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Historic Woolen Mill Expanding
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Historic Woolen Mill Expanding

FRANKENMUTH, MI — The historic Frankenmuth Woolen Mill, one of the nation’s largest manufacturers of wool bedding, is expanding to meet growing customer demand.



The business, located at 570 S. Main St. in downtown Frankenmuth, has seen its online sales increase 300% in the last two years, according to owners Matt and Abby Curtis.



To meet that growing customer demand, Frankenmuth Woolen Mill is undergoing a building expansion believed to be the third major expansion in the mill’s 128-year history.



The Curtis's are the fourth owners of the mill first established in the late 19th century by Franz Ranke, according to a company news release.



Today, with century-old equipment and wool and other materials sourced in the United States, the Frankenmuth Woolen Mill team handcrafts all-natural, wool-filled pillows, mattress toppers and comforters.




Related: Machines and processes from the 1800s crank out pure U.S. wool

William Bronner & Son Contractors is handling the nine-month construction project, which is expected to be completed in June.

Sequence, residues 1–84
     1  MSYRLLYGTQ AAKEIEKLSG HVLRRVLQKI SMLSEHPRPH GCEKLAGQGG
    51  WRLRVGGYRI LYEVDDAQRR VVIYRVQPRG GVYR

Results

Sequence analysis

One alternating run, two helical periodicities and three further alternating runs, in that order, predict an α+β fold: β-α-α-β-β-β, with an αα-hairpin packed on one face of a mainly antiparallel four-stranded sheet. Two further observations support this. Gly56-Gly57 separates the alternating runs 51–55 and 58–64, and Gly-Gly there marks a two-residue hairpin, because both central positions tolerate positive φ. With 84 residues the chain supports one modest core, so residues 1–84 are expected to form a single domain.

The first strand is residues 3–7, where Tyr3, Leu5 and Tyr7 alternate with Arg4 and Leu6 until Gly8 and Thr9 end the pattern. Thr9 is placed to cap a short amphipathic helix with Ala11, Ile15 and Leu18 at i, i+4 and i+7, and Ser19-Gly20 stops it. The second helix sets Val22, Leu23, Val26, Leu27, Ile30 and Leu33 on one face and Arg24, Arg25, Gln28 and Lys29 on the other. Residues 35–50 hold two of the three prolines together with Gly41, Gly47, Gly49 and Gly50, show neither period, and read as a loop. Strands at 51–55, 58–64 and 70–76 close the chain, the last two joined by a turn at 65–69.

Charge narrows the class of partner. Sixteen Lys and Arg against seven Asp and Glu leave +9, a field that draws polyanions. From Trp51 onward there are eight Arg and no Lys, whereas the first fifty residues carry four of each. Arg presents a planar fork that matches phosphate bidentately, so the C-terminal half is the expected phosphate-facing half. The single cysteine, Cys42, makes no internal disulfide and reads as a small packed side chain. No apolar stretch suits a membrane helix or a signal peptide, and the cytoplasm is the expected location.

The project includes the demolition of two storage buildings in the back to make room for a 4,000-square-foot warehouse and a new, two-story addition on the Cass Street side, which will house offices, an employee break room and conference room, per the release.


The new two-story addition will be clad with vertical board and batten siding, a nod to the site’s historic agrarian and industrial past. The warehouse will feature a drying room for washed wool, a separate area to house raw wool, and an ample storage area for the thousands of yards of fabric the company uses to cover its signature wool bedding each year.


“With our internet sales up 300% the past two years, and our wholesale operation almost doubling in that time, we are in need of extra space that the warehouse will bring,” Matt Curtis said in a statement.



The second-story addition will allow the company to reconfigure its tying and sewing area, gain production and finishing space, and provide a nicer working environment for the tying and sewing team, the release states.


In addition, the north side loading dock will receive new steel, wood and cable railing, and a second-floor loading dock will be added to help move large and long products in and out of the second floor of the original mill.

“It was very important to Matt and I that we keep the original building from 1894 intact and a working piece of history,” Abby Curtis said in a statement. “Every square inch of it will remain as it was in 1894 and we will continue to use it daily.”


Matt Curtis added, “By returning the mill to more of its original industrial and agricultural look, we feel that we are paying homage to our company’s past all while building what we hope will be another 128 years of success.”



The company’s recent growth also prompted the Curtis's to hire seven full-time employees, and they aim to add four more when the expansion is complete.

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